Stat 20: Intro to Probability and Statistics

Size: px
Start display at page:

Transcription

1 Stat 20: Intro to Probability and Statistics Lecture 17: Using the Normal Curve with Box Models Tessa L. Childers-Day UC Berkeley 23 July 2014

2 By the end of this lecture... You will be able to: Draw and interpret a probability histogram for the sum draws from a box Predict what a probability histogram for the sum of draws from a box will look like Use the Central Limit Theorem to calculate probabilities without having to draw a histogram 2 / 19

3 Recap: Box Models & The Normal Curve Box models are useful in analyzing games of chance Draw a box model to describe a process (sums or classify/count) Calculate EV and SE Use normal curve to calculate probability that actually observe some event But why use normal curve? 3 / 19

4 If you have enough draws/trials... The chances become normal. We ll see this via experimentation. Say we are flipping a fair coin. What does our box look like? What if we want to count the number of heads? What is P(Heads)? P(Tails)? What about if there are 2 tosses? What about more tosses? 4 / 19

5 Summarize a probability table A histogram will summarize the probabilities well. What should go on the x-axis? What should our classes be? What about the y-axis? 5 / 19

6 Summarize a probability table (cont.) What did our experiment show us? As the number of draws, the becomes more like a normal curve Probability histograms represent Height represents percent per Make probability histogram more normal by 6 / 19

7 What if the box changes? With the coin flips, the probability histogram for the number of heads began to look normal fairly quickly. What about other scenarios? Add another face, \$1 for head, \$0 for tail, \$15 for new face Sum of dice Number of 6 s Net gain on bet that pays 2 to 1. Win if a single draw from a deck is black. Net gain on bet that pays 25 to 1. Win if a single draw from a deck is a Queen. Others? 7 / 19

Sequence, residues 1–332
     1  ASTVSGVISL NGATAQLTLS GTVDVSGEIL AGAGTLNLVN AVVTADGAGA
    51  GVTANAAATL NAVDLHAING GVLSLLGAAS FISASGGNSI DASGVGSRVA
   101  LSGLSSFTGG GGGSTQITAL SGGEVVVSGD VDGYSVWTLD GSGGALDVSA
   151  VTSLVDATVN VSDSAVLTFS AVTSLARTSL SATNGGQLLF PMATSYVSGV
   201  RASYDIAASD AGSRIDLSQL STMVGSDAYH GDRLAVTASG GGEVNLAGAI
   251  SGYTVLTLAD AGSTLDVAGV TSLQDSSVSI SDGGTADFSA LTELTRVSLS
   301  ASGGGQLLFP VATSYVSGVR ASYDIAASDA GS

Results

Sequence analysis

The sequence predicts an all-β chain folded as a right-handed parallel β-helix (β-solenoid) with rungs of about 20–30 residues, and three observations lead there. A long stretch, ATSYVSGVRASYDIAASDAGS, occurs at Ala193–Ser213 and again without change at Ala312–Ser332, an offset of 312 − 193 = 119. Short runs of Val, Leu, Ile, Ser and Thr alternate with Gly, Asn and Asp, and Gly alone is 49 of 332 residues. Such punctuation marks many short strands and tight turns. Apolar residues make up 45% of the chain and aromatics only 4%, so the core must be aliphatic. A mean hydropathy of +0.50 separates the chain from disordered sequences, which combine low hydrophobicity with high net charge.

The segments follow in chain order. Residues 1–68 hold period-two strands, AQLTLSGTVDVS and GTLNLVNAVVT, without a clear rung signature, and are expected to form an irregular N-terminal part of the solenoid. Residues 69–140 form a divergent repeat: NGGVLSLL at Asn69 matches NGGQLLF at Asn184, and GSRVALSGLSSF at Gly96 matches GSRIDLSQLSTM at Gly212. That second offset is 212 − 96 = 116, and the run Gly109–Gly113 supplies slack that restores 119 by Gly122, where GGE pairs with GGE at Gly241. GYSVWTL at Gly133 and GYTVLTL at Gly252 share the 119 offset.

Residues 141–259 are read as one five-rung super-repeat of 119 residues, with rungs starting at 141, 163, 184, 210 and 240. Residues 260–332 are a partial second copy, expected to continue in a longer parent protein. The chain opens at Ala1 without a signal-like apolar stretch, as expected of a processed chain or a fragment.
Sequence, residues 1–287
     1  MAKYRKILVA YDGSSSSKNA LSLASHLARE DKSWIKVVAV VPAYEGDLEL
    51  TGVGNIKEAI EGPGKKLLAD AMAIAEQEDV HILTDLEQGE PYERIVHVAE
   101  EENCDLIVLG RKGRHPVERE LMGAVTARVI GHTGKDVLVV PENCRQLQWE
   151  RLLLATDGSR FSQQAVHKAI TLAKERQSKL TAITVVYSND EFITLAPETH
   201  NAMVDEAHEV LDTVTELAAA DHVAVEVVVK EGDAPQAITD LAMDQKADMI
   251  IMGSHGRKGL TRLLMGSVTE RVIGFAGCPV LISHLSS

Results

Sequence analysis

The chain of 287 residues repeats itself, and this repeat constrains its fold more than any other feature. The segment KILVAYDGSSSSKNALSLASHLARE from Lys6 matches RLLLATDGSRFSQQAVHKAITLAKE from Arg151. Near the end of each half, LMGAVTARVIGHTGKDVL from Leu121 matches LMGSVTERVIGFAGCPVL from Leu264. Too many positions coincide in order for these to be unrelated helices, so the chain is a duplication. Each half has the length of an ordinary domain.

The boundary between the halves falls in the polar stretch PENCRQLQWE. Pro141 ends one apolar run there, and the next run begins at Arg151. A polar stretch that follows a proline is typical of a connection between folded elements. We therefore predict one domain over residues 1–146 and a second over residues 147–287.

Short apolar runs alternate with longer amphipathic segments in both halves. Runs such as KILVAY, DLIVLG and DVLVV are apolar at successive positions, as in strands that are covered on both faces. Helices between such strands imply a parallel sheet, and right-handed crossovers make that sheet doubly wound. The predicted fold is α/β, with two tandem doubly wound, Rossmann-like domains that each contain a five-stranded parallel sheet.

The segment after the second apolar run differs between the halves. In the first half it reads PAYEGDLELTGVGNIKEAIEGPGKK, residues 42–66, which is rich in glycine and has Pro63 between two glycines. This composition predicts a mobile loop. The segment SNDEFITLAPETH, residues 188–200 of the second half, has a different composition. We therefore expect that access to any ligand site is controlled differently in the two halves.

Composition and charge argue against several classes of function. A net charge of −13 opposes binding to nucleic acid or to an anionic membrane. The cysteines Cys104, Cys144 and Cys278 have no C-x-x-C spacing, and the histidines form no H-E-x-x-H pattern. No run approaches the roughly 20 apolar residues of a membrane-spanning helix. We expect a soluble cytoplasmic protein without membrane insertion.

8 What have we learned? Does this work for any function of the draws? Does this work for any box? Does this work for any number of draws? How many draws do we need? 8 / 19

9 Probability Histogram Normal Curve With enough draws, the probability histogram for the sum of draws looks normal. Why is this useful? To use the normal curve we need: z = value center spread Value Center Spread 9 / 19

10 The Value(s) Draw a picture, shade an area What do we want to draw? What do we want to shade? Why do we shade this area? When do we use this technique? 10 / 19

11 The Center Draw a picture, shade an area. Where is the center of our picture? Is our picture symmetric? How big is a typical draw? How big is a typical sum? 11 / 19

12 The Spread Draw a picture, shade an area. How spread out is our picture? How far from the typical draw is an individual draw going to be (on average)? How far from the typical sum is an individual sum going to be (on average)? 12 / 19

13 Put it all together Want the chance a sum is between val 1 and val 2 1 Draw a picture, shade area between val and val Convert to z-scores: z 1 = (val 1.5) EV for sum SE for sum and z 2 = (val 2 +.5) EV for sum SE for sum 3 Use normal table to find area 13 / 19

14 The CLT Just a fancy way of saying what we already know. When drawing a random, with replacement, from a box, if there are enough draws, the probability histogram looks normal. The associated normal curve: is centered at the EV for the sum has spread equal to the SE for the sum 14 / 19

15 Example: Playing the Slots A slot machine contains 3 drums that turn rapidly, and then stop on a random character. Each drum has 3 characters: a bar, a cherry, and a diamond. The first drum contains 5 characters (a bar, 2 cherries, and a diamond). The second drum contains 6 characters (2 bars, 3 cherries, and a diamond). The third drum contains 7 characters (3 bars, 4 cherries, and a diamond). What is the chance that in one spin you see all 3 diamonds? What is the chance that in one spin you see all 3 characters the same? 15 / 19